You'll lose an extra hour of light but gain an hour back this weekend as daylight saving time officially ends.
As standard time resumes at 2 a.m. Sunday, it's time to "fall back," so set your clocks back one hour when you go to bed tonight.
Hawaii and most of Arizona do not observe daylight saving time.
Daylight saving time is mandated by governments, which instituted the time switch during World Wars I and II to save energy and resources for the war effort.
Previously, daylight saving time was observed in the United States from April until mid-October.
In 2007, Congress adjusted daylight saving time to begin three weeks earlier and end one week later.
At the time, it pointed to the fact that longer daylight in the evening reduced the need to turn on lights at night.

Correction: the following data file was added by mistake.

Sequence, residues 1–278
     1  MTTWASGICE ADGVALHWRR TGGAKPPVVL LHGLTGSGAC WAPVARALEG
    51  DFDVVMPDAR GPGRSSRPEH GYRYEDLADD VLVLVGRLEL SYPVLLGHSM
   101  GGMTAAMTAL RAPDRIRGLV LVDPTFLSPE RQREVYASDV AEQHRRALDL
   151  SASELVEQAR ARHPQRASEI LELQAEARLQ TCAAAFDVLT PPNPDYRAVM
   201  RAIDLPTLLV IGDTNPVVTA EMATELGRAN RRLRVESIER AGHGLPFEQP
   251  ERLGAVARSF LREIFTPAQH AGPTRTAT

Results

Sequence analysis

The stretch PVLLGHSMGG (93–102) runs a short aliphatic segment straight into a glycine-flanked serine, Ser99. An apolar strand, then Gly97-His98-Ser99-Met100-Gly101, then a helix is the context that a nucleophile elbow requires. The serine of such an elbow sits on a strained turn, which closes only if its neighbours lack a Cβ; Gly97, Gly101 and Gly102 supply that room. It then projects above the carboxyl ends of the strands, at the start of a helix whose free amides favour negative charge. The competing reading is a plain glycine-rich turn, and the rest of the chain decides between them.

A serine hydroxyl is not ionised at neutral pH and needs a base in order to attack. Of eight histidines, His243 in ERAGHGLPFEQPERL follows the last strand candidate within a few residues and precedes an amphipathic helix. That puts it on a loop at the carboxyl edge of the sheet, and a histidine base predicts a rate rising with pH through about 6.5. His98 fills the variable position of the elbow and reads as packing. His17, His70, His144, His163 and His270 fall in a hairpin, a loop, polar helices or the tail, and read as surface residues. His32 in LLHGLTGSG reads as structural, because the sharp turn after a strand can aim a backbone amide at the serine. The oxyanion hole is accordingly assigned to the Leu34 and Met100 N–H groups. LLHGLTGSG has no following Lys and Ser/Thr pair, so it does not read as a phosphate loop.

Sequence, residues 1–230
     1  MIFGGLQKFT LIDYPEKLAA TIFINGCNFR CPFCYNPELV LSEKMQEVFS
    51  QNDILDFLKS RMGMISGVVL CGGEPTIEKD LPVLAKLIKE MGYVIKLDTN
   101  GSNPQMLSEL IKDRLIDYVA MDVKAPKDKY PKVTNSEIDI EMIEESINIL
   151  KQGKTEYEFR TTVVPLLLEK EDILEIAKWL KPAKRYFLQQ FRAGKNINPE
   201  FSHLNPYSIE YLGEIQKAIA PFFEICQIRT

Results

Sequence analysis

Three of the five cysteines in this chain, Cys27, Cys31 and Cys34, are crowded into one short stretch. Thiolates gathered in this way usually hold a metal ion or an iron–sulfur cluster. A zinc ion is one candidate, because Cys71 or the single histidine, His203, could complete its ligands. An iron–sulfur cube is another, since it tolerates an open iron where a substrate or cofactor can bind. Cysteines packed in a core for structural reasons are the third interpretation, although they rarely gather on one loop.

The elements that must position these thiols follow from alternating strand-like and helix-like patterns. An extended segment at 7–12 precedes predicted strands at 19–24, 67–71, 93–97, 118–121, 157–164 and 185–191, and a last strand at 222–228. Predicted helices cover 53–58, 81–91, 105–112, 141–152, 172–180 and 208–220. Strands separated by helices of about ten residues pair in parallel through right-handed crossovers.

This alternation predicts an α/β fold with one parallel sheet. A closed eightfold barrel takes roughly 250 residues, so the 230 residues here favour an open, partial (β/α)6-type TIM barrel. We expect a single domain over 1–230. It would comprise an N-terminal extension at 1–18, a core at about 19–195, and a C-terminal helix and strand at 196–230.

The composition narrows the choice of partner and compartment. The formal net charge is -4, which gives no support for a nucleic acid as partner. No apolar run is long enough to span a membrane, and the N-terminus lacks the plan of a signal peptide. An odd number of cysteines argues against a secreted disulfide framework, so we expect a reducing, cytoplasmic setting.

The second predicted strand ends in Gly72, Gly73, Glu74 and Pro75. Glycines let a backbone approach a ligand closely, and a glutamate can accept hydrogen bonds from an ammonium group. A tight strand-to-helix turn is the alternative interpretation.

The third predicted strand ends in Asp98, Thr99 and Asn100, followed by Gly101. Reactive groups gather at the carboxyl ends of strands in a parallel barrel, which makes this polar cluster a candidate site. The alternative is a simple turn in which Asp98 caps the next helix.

But critics questioned the government's decision and wondered whether people would turn on more lights in the morning hours instead.
In response, the Department of Energy studied the energy savings in 2008 and found that during daylight saving time, U.S. electricity use decreased by 0.5 percent per day, which added up to 1.3 billion kilowatt-hours -- enough to power about 122,000 average U.S. homes for a year.
ABC News' Ned Potter and Colleen Curry contributed to this report.